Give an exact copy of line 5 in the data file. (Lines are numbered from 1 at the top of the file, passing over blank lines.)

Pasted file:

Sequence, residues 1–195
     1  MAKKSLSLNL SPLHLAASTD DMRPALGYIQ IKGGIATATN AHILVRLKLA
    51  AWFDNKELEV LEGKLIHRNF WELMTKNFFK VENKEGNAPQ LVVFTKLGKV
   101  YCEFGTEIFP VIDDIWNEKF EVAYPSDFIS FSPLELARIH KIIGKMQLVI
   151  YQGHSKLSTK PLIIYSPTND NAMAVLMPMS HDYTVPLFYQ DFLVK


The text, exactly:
   151  YQGHSKLSTK PLIIYSPTND NAMAVLMPMS HDYTVPLFYQ DFLVK